Yes, actually.

beckdw wrote:
You said the original load was developed in a different part of the country.
Was there a significant elevation and or barometric pressure difference between the two locations? Less air pressure when you developed the original load vs more pressure here could absolutely slow the velocity that much. My 300 blackout loads can have ~100fps difference shooting east or west side of the state.
I'm assuming different lots of powder? Could make enough of a difference in theory, that's why they tell you to develop your load again when you change lots.

Earlier was Boston so about the same elevation, but it was certainly much more humid when I did the first test. No way of knowing beyond that. I never would've dreamed that you'd get that much velocity variation.

And certainly different powder lots. Again, wouldn't have expected a significant variation in powder, but at this point anything is possible!


I'm going to recreate the old loads and test with the new chronograph to double-check the baseline. And bribe MadPick to bring out the Labradar and we'll see how well the chronograph is functioning.

Thanks, all!

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Mon Sep 09, 2019 8:22 am
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Too many variables. Your not comparing apples to apples.

Different locations.
Different measuring tools.
Different powder.
Different weather/humidity.


You need to load some at your original load recipe and length and test them on the same day as and same chrono as your new loads. This will give you ACCURATE data.

Until then your results are not that comparable. IMO.


Mon Sep 09, 2019 9:18 am
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Yep to many variables......I have a 8 pound bottle of Unique that I have been using mostly for .44 Special and that bottle is so hot that I have had to back down grains clear down to 5 with a 240 grain bullet to be able to extract from my 85 624. I had polished the machine marks out and it made no difference.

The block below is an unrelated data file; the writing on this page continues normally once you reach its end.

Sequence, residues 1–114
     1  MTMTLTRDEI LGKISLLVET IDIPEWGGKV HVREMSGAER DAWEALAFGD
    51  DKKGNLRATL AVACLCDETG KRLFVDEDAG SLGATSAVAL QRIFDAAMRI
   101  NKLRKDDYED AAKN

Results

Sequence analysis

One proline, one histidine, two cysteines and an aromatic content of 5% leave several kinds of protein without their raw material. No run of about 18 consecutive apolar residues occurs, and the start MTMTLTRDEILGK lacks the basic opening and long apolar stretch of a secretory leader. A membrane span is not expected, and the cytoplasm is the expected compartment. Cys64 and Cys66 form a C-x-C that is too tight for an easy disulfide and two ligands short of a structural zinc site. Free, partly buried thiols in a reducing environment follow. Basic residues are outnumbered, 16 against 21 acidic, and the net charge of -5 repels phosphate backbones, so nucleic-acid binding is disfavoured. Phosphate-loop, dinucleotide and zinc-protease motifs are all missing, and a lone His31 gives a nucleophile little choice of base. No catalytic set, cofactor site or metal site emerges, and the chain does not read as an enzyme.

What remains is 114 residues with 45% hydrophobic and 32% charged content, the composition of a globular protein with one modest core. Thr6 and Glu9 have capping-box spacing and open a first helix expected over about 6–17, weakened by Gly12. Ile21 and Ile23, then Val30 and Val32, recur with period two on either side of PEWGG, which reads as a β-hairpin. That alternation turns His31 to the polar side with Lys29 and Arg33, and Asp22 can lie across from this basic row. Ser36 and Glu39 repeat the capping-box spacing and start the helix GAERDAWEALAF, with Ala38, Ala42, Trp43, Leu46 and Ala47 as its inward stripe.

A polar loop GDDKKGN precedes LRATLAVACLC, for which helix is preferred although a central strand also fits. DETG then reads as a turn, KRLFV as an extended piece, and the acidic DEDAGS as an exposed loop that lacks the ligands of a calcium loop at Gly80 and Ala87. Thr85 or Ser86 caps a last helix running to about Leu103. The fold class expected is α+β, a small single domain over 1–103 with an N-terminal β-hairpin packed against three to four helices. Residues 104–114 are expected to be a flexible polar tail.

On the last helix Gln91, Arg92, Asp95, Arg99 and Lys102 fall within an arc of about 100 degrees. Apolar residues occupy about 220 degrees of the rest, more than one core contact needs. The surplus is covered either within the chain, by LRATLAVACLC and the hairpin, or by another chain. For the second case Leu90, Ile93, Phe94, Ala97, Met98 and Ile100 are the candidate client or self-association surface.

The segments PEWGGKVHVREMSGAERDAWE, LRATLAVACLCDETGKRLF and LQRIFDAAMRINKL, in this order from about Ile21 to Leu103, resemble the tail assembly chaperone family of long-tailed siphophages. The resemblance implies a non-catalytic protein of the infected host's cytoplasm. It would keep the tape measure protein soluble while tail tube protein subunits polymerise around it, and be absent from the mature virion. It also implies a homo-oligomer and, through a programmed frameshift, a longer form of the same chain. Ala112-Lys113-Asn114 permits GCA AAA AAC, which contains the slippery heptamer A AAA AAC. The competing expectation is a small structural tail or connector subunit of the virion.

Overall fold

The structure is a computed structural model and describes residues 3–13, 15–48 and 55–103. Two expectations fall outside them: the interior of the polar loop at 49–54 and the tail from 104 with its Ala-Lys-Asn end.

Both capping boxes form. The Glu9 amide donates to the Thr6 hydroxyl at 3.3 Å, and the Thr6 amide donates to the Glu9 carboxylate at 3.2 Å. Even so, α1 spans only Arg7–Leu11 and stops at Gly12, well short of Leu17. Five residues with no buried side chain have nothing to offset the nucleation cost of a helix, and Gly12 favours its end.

Tue Sep 10, 2019 2:43 am
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i have 2 caldwells of the same model, but different years. about 2 years apart. i set them up inline with each other to test to see how close they would be. i also had a labradar set up to read and lined that up too.

all three read a little different on every shot. usually they were all within 10-15 fps of each other, but an occasional larger spread. really confused me and not sure which one to believe. and anyone know how chronos can be tested for accuracy?


Mon Sep 16, 2019 1:54 am
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No1Uno wrote:
i have 2 caldwells of the same model, but different years. about 2 years apart. i set them up inline with each other to test to see how close they would be. i also had a labradar set up to read and lined that up too.

all three read a little different on every shot. usually they were all within 10-15 fps of each other, but an occasional larger spread. really confused me and not sure which one to believe. and anyone know how chronos can be tested for accuracy?


That’s a great question!
I know the Caldwell iphone app asks for distance from muzzle. I ASSUME that it will adjust velocities based on the value in that field, but I haven't explored it further.

I expect the Labradar is going to be the more accurate of the three. Higher price = better, right?

Competition shooters told me years ago they always planned on their velocities being about 10% over the power factor threshold to account for differences in chronograph readings at the various matches they went to.

https://www.longrangehunting.com/threads/how-to-check-a-chronograph.80435/
Comment #4 here talks about how they found one chronograph to be inaccurate over another.

Much more important at longer range, but it appears that 150fps variation between different models of chronograph is not unheard of.

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Mon Sep 16, 2019 8:19 am